Human Genetics

, Volume 133, Issue 3, pp 331–345 | Cite as

Next generation sequencing-based molecular diagnosis of retinitis pigmentosa: identification of a novel genotype-phenotype correlation and clinical refinements

  • Feng Wang
  • Hui Wang
  • Han-Fang Tuan
  • Duy H. Nguyen
  • Vincent Sun
  • Vafa Keser
  • Sara J. Bowne
  • Lori S. Sullivan
  • Hongrong Luo
  • Ling Zhao
  • Xia Wang
  • Jacques E. Zaneveld
  • Jason S. Salvo
  • Sorath Siddiqui
  • Louise Mao
  • Dianna K. Wheaton
  • David G. Birch
  • Kari E. Branham
  • John R. Heckenlively
  • Cindy Wen
  • Ken Flagg
  • Henry Ferreyra
  • Jacqueline Pei
  • Ayesha Khan
  • Huanan Ren
  • Keqing Wang
  • Irma Lopez
  • Raheel Qamar
  • Juan C. Zenteno
  • Raul Ayala-Ramirez
  • Beatriz Buentello-Volante
  • Qing Fu
  • David A. Simpson
  • Yumei Li
  • Ruifang Sui
  • Giuliana Silvestri
  • Stephen P. Daiger
  • Robert K. Koenekoop
  • Kang Zhang
  • Rui Chen
Original Investigation

Abstract

Retinitis pigmentosa (RP) is a devastating form of retinal degeneration, with significant social and professional consequences. Molecular genetic information is invaluable for an accurate clinical diagnosis of RP due to its high genetic and clinical heterogeneity. Using a gene capture panel that covers 163 of the currently known retinal disease genes, including 48 RP genes, we performed a comprehensive molecular screening in a collection of 123 RP unsettled probands from a wide variety of ethnic backgrounds, including 113 unrelated simplex and 10 autosomal recessive RP (arRP) cases. As a result, 61 mutations were identified in 45 probands, including 38 novel pathogenic alleles. Interestingly, we observed that phenotype and genotype were not in full agreement in 21 probands. Among them, eight probands were clinically reassessed, resulting in refinement of clinical diagnoses for six of these patients. Finally, recessive mutations in CLN3 were identified in five retinal degeneration patients, including four RP probands and one cone-rod dystrophy patient, suggesting that CLN3 is a novel non-syndromic retinal disease gene. Collectively, our results underscore that, due to the high molecular and clinical heterogeneity of RP, comprehensive screening of all retinal disease genes is effective in identifying novel pathogenic mutations and provides an opportunity to discover new genotype-phenotype correlations. Information gained from this genetic screening will directly aid in patient diagnosis, prognosis, and treatment, as well as allowing appropriate family planning and counseling.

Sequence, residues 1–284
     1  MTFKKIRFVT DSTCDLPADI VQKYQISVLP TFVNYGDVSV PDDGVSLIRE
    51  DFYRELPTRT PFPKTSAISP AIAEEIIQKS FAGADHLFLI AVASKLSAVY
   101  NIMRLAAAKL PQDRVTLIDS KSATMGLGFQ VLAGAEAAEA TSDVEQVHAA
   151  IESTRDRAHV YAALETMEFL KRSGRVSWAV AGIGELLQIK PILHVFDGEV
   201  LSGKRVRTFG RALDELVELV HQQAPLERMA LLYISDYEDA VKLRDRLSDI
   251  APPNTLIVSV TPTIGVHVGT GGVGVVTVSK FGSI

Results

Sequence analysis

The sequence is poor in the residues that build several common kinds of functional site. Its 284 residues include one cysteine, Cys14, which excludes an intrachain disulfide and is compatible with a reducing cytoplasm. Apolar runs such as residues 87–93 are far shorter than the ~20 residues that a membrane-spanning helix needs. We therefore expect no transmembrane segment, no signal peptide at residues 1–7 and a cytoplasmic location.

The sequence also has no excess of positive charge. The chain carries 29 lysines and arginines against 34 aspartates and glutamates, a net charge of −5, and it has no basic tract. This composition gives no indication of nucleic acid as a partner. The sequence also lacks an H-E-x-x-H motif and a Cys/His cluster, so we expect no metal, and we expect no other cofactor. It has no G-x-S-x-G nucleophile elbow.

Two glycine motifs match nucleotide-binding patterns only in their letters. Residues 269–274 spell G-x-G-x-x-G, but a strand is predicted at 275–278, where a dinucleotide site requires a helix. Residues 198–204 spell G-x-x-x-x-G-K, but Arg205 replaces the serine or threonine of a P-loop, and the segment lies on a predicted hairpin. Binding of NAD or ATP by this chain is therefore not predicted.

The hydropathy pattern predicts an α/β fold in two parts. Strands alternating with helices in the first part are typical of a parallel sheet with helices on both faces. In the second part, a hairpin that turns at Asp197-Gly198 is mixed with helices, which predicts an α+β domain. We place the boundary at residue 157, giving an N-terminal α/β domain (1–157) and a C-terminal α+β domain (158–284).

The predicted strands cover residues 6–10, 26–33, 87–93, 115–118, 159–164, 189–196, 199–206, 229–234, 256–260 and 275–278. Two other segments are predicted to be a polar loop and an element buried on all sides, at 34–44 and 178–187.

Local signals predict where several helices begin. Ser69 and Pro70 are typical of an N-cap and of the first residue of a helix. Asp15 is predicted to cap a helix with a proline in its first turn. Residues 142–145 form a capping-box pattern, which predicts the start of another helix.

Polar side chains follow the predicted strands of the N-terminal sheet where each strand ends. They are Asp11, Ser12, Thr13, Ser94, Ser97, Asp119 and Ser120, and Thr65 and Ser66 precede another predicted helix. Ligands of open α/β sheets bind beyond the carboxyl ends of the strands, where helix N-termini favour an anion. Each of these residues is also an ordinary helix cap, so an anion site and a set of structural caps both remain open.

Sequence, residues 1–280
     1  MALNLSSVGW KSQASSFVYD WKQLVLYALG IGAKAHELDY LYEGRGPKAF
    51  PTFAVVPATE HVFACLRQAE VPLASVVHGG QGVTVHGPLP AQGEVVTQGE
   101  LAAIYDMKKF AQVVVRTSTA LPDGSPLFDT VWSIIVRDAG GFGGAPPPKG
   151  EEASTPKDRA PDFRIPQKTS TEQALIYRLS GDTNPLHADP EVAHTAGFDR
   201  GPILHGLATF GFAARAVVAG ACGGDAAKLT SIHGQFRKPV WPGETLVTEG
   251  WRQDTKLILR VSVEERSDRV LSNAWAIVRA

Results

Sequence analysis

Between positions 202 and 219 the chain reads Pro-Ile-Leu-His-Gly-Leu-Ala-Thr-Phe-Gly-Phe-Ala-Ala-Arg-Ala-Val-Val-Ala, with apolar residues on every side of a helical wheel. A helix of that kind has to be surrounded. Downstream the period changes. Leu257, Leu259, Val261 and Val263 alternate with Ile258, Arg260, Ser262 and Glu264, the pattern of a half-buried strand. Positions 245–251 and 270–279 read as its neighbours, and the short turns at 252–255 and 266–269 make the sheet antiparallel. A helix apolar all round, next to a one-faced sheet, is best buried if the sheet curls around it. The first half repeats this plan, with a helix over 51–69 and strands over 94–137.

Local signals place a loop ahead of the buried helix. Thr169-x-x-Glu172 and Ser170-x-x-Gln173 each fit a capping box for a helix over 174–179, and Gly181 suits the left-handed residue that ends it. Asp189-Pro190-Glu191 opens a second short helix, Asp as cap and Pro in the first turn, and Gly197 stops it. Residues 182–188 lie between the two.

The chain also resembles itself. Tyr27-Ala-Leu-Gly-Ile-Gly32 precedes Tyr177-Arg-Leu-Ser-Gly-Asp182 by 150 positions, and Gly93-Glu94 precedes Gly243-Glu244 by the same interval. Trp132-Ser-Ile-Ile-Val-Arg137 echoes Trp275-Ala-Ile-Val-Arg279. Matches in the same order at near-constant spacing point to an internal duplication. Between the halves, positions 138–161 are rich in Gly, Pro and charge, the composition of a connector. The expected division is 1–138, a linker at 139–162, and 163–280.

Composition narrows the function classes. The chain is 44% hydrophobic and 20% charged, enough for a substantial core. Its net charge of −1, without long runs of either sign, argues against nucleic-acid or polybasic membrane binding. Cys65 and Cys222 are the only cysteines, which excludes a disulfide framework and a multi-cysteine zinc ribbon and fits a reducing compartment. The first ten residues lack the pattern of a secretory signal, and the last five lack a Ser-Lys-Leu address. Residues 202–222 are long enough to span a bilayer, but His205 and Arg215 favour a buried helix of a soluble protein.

Supplementary material

439_2013_1381_MOESM1_ESM.docx (39 kb)
Supplementary material 1 (DOCX 39 kb)
439_2013_1381_MOESM2_ESM.pptx (5.3 mb)
Supplementary material 2 (PPTX 5463 kb)

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Copyright information

© Springer-Verlag Berlin Heidelberg 2013

Authors and Affiliations

  • Feng Wang
    • 1
    • 2
  • Hui Wang
    • 1
    • 2
  • Han-Fang Tuan
    • 1
  • Duy H. Nguyen
    • 3
  • Vincent Sun
    • 4